The General Election: A manifesto for open data

Gavin Freeguard wanted to talk about politics.

Or rather, as a general election approaches, he wanted to know what the open data movement would like to see in the manifestos of the parties hoping to form the next government.

Go thoughts! On sticky notes!

Perspectives from the post-its:

  • Data! Make sure data is seen as critical national infrastructure.But, at the same time, don’t make the publication the goal – “make sure we get some benefit”.
  • Double down on the basic, vfm argument – this is publicly funded data, it should be put to public use.
  • Treat open data as a public service. Don’t make vague promises: set a clear and specific vision, with targets.
  • Money, money, money.


  • Appoint an open data commissioner, and make sure they can hold organisations to account. Alternatively… recognise Open Data Camp as an expert body and give it “smiting” powers…(the discussion was up to offer “smiting as a service”).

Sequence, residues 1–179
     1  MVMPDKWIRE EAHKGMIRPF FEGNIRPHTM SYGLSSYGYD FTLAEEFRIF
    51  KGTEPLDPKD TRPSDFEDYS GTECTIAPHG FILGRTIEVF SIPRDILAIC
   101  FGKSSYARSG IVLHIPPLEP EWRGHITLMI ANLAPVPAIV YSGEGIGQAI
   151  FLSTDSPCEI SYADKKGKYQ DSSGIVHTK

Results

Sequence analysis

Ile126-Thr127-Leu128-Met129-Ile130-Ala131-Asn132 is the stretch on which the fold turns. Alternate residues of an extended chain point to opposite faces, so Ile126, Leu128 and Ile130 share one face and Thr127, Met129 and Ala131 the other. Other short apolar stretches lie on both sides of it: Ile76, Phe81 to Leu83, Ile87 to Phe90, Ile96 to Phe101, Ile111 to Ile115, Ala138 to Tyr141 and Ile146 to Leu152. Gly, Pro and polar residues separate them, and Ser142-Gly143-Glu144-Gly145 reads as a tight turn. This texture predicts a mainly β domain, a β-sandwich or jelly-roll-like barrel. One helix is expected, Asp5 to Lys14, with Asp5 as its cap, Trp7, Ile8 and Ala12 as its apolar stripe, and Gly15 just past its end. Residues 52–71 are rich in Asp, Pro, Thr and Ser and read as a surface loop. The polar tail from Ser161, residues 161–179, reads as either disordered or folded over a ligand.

• Address over-centralisation: decentralise government data services, and empower local companies or local communities.
  • Extend the ministerial code to cover data publication.
  • Extend the Local Government Transparency Code.


  • Fund the Office for National Statistics to become an open data powerhouse.
  • Open up the Postcode Address File.
  • Create an open register of businesses.
  • Open up geospacial information, and require local authorities that publish maps to release the underlying dataset.

  • Push the argument for private data for public good – it’s happening in water at the moment.
  • Enforce the existing requirement for information requested under FOI to be published.
  • Run an awareness campaign – make sure people know what information exists and what they can do with it. Explain “why that matters.”
  • And, perhaps… work out how to turn all these ideas into a “retail offer” that will appeal to parties looking to win favour with the public.